Walden (2023) Review
Walden Dean (Emile Hirsch, Devil’s Workshop, The Price We Pay) is a court stenographer in a small Southern town. When we first meet him, he’s competing in a speed typing contest. From there he rushes off to court where Judge Boyle (David Keith, I’ll Be Watching, Awaken) is presiding over the trail of Norman Bolt (Ben Bladon, Amazon Hot Box, The Exorcist: Believer) accused of killing his daughter by putting her in an oven when he was cracked out of his mind. He’s found guilty and sentenced to death but is released due to the prosecutor withholding evidence.
That’s not the only potential death sentence being handed down. After he passes out in court, Walden is taken to the hospital and found to have a brain tumour. The film’s publicity refers to it as a terminal illness, the doctor in the film says it’s probably benign but should be operated on regardless. Either way, that plus being in the right place to stop a robbery via a bottle to the would be thief’s head create a change in Walden’s personality.
Running parallel to this is a subplot about Detectives Kane (Shane West, Maneater, Escape the Field) and Hunt (Tania Raymonde, Deep Blue Sea 3, The Last Ship). They investigate the case of a young boy who was abducted from his house and find that it’s only the latest in a string of disappearances stretching back over the past decade.
Writer/director Mick Davis (Wake of Death, Haunting Charles Manson) seems to have intended to make a Southern Gothic variation of Dexter. Both are nonthreatening appearing employees of the justice system. They also both lost their mothers to crime at a young age, Dexter to a murderer, Walden to a drunk driver. Both eventually become sadistic killers, targeting those they feel have escaped conventional justice. The film’s artwork is even a variation on that used for Dexter’s sixth season, with bloody scales of justice replacing the original’s bloody angel wings.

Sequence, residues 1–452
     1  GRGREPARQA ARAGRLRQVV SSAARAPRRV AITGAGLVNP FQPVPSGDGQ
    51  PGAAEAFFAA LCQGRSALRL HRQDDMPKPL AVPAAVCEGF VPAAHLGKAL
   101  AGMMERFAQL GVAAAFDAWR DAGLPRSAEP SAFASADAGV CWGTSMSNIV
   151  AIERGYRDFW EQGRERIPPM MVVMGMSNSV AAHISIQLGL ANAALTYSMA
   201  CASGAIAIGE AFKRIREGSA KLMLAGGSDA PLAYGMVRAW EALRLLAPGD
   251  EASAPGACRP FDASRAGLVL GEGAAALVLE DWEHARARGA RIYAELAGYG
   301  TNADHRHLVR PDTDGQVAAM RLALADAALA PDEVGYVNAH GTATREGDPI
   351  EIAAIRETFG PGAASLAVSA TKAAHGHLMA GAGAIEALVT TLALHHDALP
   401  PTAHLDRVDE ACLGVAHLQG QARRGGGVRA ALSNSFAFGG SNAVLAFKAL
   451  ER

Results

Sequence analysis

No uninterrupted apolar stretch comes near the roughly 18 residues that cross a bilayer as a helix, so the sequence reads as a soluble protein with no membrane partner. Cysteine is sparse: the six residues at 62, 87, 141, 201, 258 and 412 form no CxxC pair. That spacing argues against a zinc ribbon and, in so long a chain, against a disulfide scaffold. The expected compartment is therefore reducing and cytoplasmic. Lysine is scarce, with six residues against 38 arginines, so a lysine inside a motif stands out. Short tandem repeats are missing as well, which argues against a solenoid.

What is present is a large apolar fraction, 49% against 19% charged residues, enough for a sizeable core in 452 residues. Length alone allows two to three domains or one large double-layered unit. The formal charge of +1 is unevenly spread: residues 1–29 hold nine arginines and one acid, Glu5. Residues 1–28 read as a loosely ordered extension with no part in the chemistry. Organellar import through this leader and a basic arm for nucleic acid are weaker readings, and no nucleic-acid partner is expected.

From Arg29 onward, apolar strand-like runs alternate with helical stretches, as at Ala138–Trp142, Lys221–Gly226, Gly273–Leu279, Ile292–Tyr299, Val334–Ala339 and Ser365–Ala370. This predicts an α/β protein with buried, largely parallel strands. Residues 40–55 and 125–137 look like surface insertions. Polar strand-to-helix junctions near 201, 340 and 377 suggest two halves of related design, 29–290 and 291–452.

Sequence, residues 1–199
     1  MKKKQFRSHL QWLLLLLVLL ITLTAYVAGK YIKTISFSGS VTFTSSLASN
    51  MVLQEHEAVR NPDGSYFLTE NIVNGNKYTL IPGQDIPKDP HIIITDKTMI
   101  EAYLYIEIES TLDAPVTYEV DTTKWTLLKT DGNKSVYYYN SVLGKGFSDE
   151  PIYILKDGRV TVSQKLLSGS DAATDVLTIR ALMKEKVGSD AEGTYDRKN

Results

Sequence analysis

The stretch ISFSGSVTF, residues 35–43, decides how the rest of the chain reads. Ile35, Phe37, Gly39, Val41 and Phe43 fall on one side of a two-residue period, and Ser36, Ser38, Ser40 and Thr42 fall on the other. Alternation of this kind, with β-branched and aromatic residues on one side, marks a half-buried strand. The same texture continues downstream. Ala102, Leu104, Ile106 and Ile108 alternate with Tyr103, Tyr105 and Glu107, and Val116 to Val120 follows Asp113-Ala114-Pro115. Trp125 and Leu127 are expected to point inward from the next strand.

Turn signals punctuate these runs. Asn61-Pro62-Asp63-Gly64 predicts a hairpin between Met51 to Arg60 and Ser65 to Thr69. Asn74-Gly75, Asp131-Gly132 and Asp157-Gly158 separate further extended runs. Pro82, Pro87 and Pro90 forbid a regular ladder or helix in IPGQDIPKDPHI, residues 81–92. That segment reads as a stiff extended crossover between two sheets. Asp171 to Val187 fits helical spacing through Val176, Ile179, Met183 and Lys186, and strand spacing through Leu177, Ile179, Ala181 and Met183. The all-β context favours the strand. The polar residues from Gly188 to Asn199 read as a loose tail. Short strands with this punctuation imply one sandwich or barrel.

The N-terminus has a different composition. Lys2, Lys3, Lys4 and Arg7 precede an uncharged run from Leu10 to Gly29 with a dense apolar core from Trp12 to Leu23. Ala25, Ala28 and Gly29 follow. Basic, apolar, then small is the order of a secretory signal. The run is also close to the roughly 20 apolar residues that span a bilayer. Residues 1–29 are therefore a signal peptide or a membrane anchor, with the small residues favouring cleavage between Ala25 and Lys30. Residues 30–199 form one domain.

Unfortunately, he’s stuffed so many plot threads, the film struggles to find a focus. There’s Walden’s vigilante work and the missing kids, which you know will eventually intersect. There’s also the stenographer’s competion, a potential romance with another of the contestants, Emily (Kelli Garner, Godzilla: King of the Monsters, V/H/S/85), flashbacks to his childhood and more. Ironically, his tumour pretty much vanishes from the plot as soon as it’s mentioned.
There’s also not a lot of actual suspense to be found in this film. We know he’s going to get those he’s going after, and the person responsible for the child abductions is extremely easy to figure out. The story functions more like a character study, or an origin story, than a full-blown thriller. And, given how it ends, it probably was meant to be the start of a franchise.
Whether fans of the genre will find enough action to satisfy them or if they’ll react favourably to the titular character is another matter. I found his bizarre, almost childish personality annoying, and never found him particularly credible when squaring off against the film’s bad guys. And that’s even with one of them being an addict so scrawny he looks more like Gollum than a human being, and another a morbidly obese woman.
Ultimately, Walden tries to be several different kinds of films and pretty much fails across the board. It’s nice to see someone try and do something a little different with the genre, but it needed to do it a lot better. What might have been more interesting would be having him go after prosecutors who do things, like withhold evidence, that allow criminals to go free.
Uncork’d Entertainment will release Walden in select theatres on November 10th and to Digital and VOD Platforms on November 12th. You can check their Facebook page or the film’s website for more information. If you’re looking for something similar, but hopefully better, FilmTagger can offer some suggestions.